Modern windshields use Polyvinyl Butyral (PVB) instead of cellulose to hold the laminated sheets together. PVB is clearer and much tougher than cellulose. The biggest difference between early windshields and modern ones; however, is the number of roles they perform. While early windshields did little more than keep the bugs out of your teeth, modern ones are a critical safety system in your car.
Check back soon for Windshield is a Misleading Name – More on Mobile Windshield Replacement Done Right – Part 3. In the meantime, check out our page on mobile windshield replacement.
Modern windshields do a lot more than block the wind
Early cars, or “horseless carriages” as they were called at the time, didn’t have windshields. Since their top speed was so low, it wasn’t really necessary. However, when the twentieth century rolled around and internal combustion cars started to get faster, more common, and more practical, people realized pretty quickly that they wanted protection from dirt, insects, and debris that the wind blew into their cars. This gave rise to the first windshields. In this series, we’ll discuss windshield history and technology, then we’ll take a look at mobile windshield replacement.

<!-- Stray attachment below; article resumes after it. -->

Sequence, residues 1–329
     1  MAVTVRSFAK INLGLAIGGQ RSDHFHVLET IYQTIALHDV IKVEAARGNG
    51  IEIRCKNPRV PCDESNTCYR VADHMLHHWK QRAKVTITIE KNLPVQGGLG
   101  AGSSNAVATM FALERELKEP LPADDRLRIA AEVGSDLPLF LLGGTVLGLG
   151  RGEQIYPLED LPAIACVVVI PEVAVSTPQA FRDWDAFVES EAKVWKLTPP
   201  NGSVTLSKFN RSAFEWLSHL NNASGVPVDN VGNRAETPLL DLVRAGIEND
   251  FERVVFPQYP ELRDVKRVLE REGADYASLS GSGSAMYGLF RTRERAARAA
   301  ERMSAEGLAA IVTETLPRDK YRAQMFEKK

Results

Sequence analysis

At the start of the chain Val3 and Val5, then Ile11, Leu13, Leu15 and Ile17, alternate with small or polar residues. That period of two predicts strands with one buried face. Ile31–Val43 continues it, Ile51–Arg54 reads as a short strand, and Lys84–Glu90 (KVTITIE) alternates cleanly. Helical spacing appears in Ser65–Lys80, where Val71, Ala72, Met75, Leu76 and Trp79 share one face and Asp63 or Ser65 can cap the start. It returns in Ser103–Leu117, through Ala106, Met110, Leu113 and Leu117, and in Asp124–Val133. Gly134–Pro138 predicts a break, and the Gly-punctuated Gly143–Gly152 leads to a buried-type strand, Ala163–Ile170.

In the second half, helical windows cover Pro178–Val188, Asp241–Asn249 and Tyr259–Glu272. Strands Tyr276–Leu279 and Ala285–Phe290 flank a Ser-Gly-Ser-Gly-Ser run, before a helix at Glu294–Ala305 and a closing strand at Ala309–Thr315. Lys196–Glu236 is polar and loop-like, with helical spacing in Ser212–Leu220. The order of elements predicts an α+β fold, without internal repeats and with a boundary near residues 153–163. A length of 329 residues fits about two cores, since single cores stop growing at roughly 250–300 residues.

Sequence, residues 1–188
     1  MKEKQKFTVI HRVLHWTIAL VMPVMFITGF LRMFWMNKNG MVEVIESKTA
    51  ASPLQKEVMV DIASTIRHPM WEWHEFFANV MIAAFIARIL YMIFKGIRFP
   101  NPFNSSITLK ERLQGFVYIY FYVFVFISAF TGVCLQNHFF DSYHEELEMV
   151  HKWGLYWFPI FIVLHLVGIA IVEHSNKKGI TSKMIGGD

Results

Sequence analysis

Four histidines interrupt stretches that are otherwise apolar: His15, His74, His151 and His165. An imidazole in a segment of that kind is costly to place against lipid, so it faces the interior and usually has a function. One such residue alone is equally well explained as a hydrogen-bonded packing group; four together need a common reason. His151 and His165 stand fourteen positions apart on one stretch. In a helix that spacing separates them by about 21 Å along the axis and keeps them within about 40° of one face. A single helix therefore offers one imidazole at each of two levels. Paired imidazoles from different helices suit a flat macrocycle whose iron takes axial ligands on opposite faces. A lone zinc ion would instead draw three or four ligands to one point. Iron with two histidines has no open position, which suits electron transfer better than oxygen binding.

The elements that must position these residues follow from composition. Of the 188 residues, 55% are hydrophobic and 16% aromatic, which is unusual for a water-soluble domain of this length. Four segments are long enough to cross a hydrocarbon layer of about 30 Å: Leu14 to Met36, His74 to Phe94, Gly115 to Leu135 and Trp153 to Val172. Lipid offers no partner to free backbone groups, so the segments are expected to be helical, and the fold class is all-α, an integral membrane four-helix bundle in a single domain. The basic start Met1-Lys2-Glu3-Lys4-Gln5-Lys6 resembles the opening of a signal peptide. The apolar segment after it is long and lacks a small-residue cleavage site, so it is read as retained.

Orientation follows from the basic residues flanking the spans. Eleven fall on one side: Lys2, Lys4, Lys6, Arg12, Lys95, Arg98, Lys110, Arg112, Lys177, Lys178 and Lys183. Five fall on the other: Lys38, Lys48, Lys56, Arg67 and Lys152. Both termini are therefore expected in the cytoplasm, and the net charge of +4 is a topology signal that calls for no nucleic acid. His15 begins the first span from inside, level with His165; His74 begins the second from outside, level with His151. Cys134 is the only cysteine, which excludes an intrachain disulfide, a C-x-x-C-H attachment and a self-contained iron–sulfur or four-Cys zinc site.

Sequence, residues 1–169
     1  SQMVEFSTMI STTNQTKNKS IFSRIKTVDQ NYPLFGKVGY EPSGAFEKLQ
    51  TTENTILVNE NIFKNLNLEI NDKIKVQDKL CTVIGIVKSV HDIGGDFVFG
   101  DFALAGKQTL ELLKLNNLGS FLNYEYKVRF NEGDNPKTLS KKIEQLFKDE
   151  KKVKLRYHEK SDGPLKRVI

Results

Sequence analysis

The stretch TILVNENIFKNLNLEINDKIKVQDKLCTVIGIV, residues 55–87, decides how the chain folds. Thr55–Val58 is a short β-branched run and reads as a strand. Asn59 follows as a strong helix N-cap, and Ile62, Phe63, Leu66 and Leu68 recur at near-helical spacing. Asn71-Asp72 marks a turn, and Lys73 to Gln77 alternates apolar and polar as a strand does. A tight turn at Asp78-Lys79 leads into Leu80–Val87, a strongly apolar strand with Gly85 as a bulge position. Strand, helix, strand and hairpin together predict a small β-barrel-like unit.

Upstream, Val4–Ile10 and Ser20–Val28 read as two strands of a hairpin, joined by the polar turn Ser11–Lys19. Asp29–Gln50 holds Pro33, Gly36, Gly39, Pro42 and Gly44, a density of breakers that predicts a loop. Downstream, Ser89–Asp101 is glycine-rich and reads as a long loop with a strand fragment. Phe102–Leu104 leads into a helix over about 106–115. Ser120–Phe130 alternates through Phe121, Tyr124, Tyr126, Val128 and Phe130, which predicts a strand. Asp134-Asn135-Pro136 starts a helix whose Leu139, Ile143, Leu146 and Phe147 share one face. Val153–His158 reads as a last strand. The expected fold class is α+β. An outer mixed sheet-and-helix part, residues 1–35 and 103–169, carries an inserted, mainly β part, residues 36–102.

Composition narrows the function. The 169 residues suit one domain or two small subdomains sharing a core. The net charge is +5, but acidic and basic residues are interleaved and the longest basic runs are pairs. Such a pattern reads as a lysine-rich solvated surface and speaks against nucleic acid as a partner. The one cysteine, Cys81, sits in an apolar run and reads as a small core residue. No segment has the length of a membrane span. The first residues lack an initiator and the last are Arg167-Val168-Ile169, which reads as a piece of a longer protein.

Early windshields were designed to shield from the wind, but not much beyond that. They were essentially the same as a plate glass window you would find in houses of the time. Most were actually designed to fold in half with the idea being when the windshield got too dirty to see through, you folded it down out of the way and looked over top of it. However, these early windshields had another big problem – safety. Since they were made of plate glass, even a minor accident could cause them to shatter into long, pointed shards that were very dangerous to drivers. Of course, this was also long before airbags or even seatbelts were included in cars, making the plate glass windshields even more dangerous since occupants could be thrown through them in a crash.